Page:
Sunday, October 27, 2013

Bridget Jones's Diary, Helen Fielding

Bridget Jones's Diary (Bridget Jones, #1)Ugh. The last thing on earth I feel physically, emotionally, or mentally equipped to do is drive to Una and Geoffrey Alconbury's New Year's Day Turkey Curry Buffet in Grafton Underwood.

Weirdly formatted summary from Goodreads: "Meet Bridget Jonesa 30-something Singleton who is certain she would have all the answers if she could:
a. lose 7 pounds
b. stop smoking
c. develop Inner Poise
Bridget Jones's Diary is the devastatingly self-aware, laugh-out-loud daily chronicle of Bridget's permanent, doomed quest for self-improvement — a year in which she resolves to: reduce the circumference of each thigh by 1.5 inches, visit the gym three times a week not just to buy a sandwich, form a functional relationship with a responsible adult, and learn to program the VCR. Over the course of the year, Bridget loses a total of 72 pounds but gains a total of 74. She remains, however, optimistic."

Bridget Jones's Diary is an amusing and very silly read, kind of a guilty pleasure for me. I haven't actually seen the full movie (just clips from it), but I picked up the book from the library (I don't think it's necessarily worth buying). Still, the book is kind of relatable, even if I'm not as stupidly obsessed with other people's opinions as Bridget (or I try not to be). The way she acts is kind of silly, but I can sort of understand her insecurities: after all, she's watching everyone around her rapidly marrying off, and at the age of 30-something, she's still utterly single. Not that that's a bad thing, as she continuously tries to remind herself throughout the novel. Bridget's friends are really funny; they're always advising her on what to do; sometimes it works and sometimes it doesn't. But the book is never boring.

Bridget Jones's Diary is definitely chick lit, a genre that I for the most part despise, but in this case, it's not so bad, and rather more endearing. The book is humorously British, and Bridget also has a distinctive voice. It's a diary, so she often uses fragments, which is kind of annoying but very readable. I actually started thinking in fragments right after I read the book, and I quickly got used to the narrative style.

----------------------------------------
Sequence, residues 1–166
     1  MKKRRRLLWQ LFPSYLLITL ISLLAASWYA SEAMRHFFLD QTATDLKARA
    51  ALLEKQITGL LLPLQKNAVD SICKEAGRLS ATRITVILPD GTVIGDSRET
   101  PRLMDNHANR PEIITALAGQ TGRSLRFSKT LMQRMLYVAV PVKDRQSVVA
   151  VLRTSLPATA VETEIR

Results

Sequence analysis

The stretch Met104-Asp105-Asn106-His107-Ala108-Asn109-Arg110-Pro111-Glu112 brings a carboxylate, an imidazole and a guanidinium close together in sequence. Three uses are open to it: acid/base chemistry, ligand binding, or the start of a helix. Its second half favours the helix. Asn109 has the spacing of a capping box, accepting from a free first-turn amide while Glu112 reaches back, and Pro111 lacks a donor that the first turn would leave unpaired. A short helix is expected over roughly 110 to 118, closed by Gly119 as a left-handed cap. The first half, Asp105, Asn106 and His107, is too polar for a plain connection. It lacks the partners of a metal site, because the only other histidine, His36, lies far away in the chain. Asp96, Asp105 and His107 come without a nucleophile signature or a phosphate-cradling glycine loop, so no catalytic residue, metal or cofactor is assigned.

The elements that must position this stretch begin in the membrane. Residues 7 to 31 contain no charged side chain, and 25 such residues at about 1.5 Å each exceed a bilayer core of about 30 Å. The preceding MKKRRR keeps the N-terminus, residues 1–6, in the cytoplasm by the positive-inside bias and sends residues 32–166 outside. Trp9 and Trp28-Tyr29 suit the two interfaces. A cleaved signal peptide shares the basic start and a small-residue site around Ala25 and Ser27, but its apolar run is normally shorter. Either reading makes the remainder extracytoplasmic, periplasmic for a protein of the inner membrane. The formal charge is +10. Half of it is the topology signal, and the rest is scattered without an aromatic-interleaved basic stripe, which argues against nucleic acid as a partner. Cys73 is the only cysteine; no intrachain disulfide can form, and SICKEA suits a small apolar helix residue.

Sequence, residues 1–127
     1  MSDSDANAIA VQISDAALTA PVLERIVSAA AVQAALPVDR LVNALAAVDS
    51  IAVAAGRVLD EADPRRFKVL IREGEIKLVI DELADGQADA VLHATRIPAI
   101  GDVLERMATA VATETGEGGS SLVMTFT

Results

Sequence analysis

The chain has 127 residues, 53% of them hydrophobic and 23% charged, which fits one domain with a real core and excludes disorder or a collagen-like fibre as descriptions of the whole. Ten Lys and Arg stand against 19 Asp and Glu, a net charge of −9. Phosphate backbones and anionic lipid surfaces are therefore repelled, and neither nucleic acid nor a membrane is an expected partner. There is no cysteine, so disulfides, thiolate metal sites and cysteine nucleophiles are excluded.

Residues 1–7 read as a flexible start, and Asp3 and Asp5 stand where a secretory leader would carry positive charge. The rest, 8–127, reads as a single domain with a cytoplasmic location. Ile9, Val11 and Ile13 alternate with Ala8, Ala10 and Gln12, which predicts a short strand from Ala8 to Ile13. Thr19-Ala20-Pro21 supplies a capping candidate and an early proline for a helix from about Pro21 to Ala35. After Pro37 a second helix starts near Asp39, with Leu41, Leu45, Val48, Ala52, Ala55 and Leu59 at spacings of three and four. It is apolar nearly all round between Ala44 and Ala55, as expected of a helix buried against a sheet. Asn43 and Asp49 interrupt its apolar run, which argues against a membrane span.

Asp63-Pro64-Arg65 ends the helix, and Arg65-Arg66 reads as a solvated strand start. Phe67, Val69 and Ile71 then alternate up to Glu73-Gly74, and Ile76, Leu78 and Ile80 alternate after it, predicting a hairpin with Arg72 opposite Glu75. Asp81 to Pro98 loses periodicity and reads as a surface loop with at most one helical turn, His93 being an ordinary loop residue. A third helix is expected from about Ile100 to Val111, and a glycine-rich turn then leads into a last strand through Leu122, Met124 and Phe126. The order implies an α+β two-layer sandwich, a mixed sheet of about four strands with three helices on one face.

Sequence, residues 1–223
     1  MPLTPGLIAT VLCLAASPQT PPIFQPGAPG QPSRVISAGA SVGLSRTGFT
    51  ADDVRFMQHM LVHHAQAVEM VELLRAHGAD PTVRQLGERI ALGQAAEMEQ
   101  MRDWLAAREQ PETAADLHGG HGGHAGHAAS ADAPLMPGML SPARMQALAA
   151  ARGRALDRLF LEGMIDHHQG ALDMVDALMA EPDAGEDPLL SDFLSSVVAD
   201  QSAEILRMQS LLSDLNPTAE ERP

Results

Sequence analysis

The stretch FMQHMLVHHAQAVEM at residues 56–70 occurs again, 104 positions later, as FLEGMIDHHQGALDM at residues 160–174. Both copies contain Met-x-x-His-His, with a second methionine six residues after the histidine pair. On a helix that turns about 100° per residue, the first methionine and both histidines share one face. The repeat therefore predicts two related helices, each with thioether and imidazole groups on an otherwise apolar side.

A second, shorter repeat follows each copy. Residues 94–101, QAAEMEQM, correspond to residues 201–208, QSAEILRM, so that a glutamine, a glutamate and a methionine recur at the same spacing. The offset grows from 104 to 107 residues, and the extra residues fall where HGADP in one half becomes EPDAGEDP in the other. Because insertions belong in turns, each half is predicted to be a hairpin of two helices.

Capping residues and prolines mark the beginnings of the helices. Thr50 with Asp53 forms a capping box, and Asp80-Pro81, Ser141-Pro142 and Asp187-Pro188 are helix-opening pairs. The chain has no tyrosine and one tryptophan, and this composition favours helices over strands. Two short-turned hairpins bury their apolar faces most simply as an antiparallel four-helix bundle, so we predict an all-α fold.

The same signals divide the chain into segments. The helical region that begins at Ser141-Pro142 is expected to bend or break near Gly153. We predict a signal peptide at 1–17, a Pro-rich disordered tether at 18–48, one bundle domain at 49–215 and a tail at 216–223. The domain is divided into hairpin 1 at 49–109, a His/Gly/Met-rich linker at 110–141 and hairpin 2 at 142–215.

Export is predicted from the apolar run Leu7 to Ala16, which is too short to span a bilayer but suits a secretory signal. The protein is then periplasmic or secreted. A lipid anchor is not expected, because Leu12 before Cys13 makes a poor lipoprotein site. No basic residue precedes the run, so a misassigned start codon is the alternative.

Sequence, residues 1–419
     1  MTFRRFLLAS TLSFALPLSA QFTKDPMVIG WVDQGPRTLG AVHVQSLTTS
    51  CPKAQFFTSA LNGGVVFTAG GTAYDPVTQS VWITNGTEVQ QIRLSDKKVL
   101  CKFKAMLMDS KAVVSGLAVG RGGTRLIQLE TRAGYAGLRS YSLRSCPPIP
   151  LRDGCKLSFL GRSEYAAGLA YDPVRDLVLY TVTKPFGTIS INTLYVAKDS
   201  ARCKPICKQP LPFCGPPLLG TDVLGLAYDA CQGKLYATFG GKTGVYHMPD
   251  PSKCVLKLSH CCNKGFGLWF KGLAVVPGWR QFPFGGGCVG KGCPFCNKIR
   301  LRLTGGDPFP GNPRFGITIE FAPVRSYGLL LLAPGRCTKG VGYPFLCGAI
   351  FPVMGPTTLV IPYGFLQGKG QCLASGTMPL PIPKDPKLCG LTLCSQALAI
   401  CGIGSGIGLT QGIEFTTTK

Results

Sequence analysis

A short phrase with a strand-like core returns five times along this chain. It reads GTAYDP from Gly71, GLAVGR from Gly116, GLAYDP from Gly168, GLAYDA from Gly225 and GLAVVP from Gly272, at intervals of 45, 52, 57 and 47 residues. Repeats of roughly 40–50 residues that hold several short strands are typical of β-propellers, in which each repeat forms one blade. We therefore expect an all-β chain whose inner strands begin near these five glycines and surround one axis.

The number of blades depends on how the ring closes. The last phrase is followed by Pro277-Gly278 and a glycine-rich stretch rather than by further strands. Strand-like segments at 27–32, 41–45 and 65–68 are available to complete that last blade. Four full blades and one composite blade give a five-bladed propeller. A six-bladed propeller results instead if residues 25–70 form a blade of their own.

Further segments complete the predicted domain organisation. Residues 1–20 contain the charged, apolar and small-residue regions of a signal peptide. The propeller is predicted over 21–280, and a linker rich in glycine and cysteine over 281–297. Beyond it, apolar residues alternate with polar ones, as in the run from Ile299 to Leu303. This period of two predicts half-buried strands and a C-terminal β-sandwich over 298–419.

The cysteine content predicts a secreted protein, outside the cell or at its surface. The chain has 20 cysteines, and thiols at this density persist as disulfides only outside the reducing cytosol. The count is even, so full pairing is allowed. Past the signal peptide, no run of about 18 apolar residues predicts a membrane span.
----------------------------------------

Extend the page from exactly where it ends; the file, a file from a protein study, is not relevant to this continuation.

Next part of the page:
Yes, I realize the story is super silly and not very worthwhile, but that's exactly what guilty pleasures are: books that you're kind of ashamed of enjoying or you think are not worth reading. That's exactly what this book is for me. I don't know if I'll be rereading it, but I definitely enjoyed reading it once, and was glad that I did so. It's good for a few hours of laughter and commiseration.

That said, I don't think I'll be reading the sequel, because the book stands on its own just fine, and I think one book with Bridget is quite enough. Also, I'm pretty sure the sequel is not as good as the first book, and that the third book which is being released soon will be even worse.

There were sections of Bridget Jones's Diary that did get bogged down a bit, but just as it got to be too much, something really funny popped up, like when Bridget talks about communal changing rooms: "There are always girls who know that they look fantastic in everything and dance around beaming, swinging their hair and doing model poses in the mirror saying, 'Does this make me look fat?' to their obligatory obese friend, who looks like a water buffalo in everything" (105). I don't know where Bridget got that from, but it was so hilarious.

Bridget may be a character you can relate to, but she is kind of annoying at times. She gets so flustered about stupid, stupid things and never keeps her resolutions about smoking and drinking (she gets drunk all the time). Bridget certainly isn't the most likable character ever, but she's okay, especially compared to the awful Daniel Cleaver. God, I just hated him.

Anyway, this is a funny book and a light and fun read. It's quick, and good for a lot of laughs.

271 pages.

Rating: ****

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